BOSTON — We begin with a simple truism: All bombers are losers.
Now consider our list of the top-10 "loser bombers" — well, nine of them would-be bombers whose equipment, strategy, conviction or brains failed them when it mattered most, and one (very) amateur Kamikaze pilot.
What all 10 have in common is beyond question — they failed to achieve much more than either getting arrested or getting killed.
This is by no means an attempt to make light of what were, for the most part, premeditated and violent attacks intended to kill, wreck or maim an unspecified number and type of victim. Two of the attacks did, indeed, kill a total of seven people.
Rather it's an reminder that the Times Square scare that has dominated international headlines for the better part of a week is only the latest in a long line of thankfully ill-conceived and poorly executed terrorist acts.
While investigators sort out exactly who's behind it and why, let's take a trip down memory lane:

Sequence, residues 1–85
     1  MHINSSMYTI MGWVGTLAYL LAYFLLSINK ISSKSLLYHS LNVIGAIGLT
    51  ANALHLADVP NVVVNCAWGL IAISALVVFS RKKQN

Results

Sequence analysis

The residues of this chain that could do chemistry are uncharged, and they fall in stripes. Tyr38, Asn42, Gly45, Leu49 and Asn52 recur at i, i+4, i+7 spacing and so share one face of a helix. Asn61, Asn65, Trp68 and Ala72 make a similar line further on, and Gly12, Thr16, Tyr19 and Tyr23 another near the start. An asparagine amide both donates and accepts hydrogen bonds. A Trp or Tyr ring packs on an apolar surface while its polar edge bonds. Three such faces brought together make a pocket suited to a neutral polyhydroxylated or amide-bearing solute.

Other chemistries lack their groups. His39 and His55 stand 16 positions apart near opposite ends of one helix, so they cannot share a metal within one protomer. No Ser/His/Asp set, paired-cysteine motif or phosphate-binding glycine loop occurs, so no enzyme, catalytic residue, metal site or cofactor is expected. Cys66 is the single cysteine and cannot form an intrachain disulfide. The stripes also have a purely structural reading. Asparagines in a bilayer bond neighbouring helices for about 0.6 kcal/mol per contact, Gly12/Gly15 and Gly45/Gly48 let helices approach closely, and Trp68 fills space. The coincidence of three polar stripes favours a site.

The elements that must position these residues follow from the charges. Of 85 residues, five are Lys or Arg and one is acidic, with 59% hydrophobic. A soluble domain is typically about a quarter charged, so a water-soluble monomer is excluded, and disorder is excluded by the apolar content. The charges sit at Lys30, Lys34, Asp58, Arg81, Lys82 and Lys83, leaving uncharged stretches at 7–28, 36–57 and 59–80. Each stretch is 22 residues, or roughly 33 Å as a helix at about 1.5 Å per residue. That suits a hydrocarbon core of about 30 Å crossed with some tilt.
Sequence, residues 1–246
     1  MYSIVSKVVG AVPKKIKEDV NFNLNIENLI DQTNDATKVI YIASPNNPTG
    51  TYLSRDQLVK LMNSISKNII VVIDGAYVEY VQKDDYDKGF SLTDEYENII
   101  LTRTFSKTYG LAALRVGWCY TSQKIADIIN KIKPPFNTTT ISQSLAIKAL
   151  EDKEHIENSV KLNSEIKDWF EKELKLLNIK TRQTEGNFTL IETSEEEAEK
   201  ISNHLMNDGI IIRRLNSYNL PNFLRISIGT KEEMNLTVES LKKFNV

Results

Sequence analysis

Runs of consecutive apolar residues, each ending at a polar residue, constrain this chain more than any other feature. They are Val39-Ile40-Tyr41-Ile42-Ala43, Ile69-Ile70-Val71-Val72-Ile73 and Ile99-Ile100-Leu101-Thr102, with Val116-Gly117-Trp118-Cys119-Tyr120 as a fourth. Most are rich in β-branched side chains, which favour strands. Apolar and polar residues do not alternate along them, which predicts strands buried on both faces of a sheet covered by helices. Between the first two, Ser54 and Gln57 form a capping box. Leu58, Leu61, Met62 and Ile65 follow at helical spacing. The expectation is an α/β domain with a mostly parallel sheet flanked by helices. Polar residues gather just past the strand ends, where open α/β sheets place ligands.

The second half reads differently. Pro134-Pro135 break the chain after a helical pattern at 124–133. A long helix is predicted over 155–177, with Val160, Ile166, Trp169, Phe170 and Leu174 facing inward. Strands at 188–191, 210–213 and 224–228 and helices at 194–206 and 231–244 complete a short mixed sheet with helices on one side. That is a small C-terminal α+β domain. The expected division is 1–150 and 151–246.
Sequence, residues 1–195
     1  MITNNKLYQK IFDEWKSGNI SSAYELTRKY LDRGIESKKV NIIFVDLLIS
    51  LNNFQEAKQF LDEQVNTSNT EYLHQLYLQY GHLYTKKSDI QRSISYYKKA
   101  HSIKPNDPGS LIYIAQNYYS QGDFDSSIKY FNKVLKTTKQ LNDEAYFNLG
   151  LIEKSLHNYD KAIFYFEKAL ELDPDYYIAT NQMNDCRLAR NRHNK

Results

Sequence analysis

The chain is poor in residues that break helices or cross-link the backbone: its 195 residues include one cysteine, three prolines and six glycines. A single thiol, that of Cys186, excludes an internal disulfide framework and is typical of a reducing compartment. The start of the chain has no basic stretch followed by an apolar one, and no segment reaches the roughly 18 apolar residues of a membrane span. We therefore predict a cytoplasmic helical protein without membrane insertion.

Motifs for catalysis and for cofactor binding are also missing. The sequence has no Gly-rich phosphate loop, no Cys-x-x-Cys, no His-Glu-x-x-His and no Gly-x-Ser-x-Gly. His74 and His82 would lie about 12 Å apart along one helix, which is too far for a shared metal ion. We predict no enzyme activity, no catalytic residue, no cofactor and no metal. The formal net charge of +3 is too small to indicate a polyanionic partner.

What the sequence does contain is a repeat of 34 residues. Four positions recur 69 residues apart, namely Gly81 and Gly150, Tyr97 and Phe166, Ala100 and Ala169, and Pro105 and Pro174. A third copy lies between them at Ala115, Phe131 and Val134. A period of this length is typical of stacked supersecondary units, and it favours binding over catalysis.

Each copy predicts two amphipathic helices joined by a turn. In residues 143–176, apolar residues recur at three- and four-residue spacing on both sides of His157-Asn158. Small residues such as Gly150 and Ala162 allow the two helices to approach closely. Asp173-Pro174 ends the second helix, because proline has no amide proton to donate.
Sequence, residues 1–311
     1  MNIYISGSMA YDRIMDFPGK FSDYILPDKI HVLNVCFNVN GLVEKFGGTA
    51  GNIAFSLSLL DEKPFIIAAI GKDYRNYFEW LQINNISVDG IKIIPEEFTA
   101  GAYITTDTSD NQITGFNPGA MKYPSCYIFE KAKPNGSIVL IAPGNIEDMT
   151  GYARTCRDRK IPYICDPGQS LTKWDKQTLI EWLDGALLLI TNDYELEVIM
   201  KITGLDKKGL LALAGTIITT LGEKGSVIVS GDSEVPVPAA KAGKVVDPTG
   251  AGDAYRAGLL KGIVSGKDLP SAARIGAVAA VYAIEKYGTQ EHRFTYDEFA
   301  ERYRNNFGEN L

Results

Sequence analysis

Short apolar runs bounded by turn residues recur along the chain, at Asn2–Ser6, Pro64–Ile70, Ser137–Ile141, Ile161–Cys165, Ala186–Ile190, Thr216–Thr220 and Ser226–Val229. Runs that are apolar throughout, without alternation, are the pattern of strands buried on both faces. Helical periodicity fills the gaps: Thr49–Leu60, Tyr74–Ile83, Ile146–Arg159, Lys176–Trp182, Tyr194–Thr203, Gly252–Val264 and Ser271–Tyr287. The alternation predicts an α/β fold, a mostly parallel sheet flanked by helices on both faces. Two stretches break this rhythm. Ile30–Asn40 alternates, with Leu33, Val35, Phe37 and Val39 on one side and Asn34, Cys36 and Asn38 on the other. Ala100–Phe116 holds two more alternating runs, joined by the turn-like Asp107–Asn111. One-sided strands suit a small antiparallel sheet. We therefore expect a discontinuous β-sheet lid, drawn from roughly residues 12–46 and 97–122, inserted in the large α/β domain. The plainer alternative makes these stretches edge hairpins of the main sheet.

1. Times Square bomb attack (2010)
United States authorities are still investigating a thwarted car bombing in New York's Times Square, but prosecutors have already charged Faisal Shahzad, 30, a naturalized U.S. citizen born in Pakistan, with five counts, including attempting to use a weapon of mass destruction and trying to kill and maim people within the U.S. Shahzad had recently purchased the 1993 Nissan Pathfinder found abandoned in Times Square on May 1 packed with enough fuel, fertilizer and explosives to ignite a massive fireball. An onboard fuse was left lit and smoldering. Investigators are hunting for a man who was caught on tape moments after the SUV was ditched (and subsequently reported to police by a street vendor, unleashing another monster of sorts), but a law enforcement official told the AP on Wednesday that the authorities did not believe there were any other suspects in the plot and that several arrests in Pakistan in the past two days were not related. The authorities have since said that Shahzad, the 30-year-old son of a retired air force officer in Pakistan, admitted rigging the Pathfinder with a crude bomb of firecrackers, propane and alarm clocks based on explosives training he received in Pakistan.